Table 1. Standard symbols for the crystal families
Two-dimensional Three-dimensional Symbol crystal family crystal family a - Triclinic (anorthic) m Oblique Monoclinic o Rectangular Orthorhombic t Square Tetragonal h Hexagonal Hexagonal c - Cubic
Bravais-lattice typesSymbols for designating Bravais-lattice types independently of any description by a particular unit cell with labelled axes are presented in Table 2. The initial lower-case letter characterizes the crystal family (see above) to which the Bravais-lattice type belongs. The second letter designates the type of centring. These symbols are identical with those listed in International Tables for Crystallography (1983) and used in the 60-year index to Structure Reports (1976),++ with the exception of mS and oS, which replace mC and oC.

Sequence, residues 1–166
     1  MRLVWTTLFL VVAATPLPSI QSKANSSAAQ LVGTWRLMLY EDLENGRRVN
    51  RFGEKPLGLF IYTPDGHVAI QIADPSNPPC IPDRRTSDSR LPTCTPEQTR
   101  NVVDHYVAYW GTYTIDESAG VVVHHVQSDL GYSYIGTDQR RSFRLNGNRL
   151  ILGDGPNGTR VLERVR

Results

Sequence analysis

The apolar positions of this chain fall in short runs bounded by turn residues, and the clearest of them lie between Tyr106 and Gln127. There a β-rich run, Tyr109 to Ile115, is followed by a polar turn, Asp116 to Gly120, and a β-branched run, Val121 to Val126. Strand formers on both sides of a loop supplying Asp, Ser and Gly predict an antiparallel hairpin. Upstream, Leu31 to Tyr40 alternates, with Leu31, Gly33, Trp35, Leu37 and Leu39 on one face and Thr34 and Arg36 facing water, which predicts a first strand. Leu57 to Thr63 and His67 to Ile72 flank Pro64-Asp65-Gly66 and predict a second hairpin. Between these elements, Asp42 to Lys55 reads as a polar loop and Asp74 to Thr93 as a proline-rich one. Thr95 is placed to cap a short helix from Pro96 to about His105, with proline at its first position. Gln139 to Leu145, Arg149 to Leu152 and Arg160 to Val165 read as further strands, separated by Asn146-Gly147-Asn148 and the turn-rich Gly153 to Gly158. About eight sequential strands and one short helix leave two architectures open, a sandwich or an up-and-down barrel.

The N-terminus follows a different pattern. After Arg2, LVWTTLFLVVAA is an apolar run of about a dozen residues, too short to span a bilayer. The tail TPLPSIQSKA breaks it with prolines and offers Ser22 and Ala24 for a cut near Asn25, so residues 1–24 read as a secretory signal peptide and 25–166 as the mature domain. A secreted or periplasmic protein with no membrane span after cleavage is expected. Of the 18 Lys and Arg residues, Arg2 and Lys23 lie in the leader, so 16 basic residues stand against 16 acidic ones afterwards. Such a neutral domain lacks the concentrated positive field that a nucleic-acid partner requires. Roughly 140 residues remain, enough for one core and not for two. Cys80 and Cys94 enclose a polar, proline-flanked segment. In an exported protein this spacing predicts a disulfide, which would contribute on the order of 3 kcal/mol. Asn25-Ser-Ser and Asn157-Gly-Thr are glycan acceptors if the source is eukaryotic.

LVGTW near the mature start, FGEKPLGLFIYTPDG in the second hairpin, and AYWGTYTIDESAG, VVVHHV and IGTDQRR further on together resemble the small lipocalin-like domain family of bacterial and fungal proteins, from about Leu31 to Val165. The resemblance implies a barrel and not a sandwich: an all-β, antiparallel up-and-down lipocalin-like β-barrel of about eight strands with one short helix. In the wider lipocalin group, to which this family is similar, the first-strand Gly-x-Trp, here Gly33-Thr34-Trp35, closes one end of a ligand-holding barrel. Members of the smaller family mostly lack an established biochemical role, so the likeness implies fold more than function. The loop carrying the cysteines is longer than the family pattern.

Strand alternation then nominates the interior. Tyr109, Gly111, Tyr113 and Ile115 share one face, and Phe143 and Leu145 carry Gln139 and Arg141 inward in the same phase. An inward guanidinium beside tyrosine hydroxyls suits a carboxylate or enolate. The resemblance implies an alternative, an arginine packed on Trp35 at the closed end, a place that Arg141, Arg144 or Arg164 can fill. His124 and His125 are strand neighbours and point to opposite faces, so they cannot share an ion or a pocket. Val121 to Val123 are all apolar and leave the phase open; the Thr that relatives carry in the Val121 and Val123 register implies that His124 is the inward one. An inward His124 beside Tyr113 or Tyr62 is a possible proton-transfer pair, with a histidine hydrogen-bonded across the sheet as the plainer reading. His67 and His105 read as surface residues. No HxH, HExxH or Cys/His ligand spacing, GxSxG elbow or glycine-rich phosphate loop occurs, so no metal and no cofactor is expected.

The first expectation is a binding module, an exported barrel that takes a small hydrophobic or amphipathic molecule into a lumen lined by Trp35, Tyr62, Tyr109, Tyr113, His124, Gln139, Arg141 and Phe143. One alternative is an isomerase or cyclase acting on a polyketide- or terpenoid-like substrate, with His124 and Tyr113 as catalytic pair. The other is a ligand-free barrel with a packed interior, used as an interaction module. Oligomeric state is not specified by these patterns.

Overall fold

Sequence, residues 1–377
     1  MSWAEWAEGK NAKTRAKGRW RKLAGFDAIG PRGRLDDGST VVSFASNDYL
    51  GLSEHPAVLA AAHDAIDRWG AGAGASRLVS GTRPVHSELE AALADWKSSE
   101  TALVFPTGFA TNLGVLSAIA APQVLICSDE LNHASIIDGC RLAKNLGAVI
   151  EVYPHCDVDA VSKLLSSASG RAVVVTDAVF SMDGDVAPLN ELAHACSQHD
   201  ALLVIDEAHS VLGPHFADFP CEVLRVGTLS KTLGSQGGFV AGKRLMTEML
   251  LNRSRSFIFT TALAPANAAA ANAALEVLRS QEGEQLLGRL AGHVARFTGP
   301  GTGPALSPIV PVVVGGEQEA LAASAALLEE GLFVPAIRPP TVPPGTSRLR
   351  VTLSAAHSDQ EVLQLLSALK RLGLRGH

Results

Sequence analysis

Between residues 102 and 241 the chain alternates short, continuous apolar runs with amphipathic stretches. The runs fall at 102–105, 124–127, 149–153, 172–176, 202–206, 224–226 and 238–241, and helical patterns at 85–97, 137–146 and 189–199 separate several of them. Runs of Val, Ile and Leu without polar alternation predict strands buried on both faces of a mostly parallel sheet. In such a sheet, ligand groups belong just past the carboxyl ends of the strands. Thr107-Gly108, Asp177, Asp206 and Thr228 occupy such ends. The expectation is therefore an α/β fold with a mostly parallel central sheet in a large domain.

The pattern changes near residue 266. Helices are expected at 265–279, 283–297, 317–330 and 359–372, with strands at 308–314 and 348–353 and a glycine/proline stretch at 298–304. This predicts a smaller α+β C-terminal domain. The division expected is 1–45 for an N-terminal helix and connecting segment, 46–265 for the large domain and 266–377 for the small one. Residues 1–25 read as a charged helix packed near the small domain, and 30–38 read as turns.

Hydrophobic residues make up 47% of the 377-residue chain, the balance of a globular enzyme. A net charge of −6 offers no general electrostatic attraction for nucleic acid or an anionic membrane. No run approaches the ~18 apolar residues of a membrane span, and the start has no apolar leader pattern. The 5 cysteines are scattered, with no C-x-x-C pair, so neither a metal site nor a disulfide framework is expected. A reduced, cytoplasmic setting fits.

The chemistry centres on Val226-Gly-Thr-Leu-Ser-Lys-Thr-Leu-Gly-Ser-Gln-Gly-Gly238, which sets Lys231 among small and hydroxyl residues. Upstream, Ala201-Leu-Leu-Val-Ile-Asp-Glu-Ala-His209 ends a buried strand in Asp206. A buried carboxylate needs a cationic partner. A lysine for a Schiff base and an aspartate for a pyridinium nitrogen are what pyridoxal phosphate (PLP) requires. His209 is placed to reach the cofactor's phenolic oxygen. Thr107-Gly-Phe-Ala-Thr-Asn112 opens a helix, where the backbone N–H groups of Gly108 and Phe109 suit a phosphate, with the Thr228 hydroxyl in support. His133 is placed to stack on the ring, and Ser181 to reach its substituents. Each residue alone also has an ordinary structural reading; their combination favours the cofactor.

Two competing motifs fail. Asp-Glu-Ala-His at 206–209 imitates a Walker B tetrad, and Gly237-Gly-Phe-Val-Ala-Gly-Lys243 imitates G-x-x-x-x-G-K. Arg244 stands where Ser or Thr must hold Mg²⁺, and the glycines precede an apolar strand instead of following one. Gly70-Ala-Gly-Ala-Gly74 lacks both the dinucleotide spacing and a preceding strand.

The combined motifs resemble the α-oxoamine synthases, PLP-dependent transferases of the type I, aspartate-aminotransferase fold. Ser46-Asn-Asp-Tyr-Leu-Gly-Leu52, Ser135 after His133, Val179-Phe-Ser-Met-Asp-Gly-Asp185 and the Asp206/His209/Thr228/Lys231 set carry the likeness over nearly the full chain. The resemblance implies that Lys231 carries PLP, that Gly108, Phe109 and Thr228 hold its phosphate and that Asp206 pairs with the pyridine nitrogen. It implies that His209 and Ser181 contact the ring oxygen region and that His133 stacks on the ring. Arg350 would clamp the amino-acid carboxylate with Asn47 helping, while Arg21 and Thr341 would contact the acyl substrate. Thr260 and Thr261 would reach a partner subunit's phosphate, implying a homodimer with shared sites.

The letter C in the monoclinic and orthorhombic Bravais-lattice-type symbols is ambiguous since C is closely associated with one of the common setting and/or unit-cell choices for the lattice, namely A, C or I centring for the monoclinic family and A, B or C centring for the orthorhombic family. The Ad-hoc Committee has chosen the latter S, derived from 'side-face centred' (i.e. seitenflächenzentriert), to replace C. This letter, which is also used to designate similarly centred four-dimensional lattices (Wondratschek, Bülow & Neubüser, 1971), is clearly appropriate for oS-type lattices. In the case of mS-type lattices, the letter S evokes neither an A- nor a C-centred in preference to an I- centred unit cell: the symbol for the monoclinic centred lattice remains mS regardless of the basis actually used.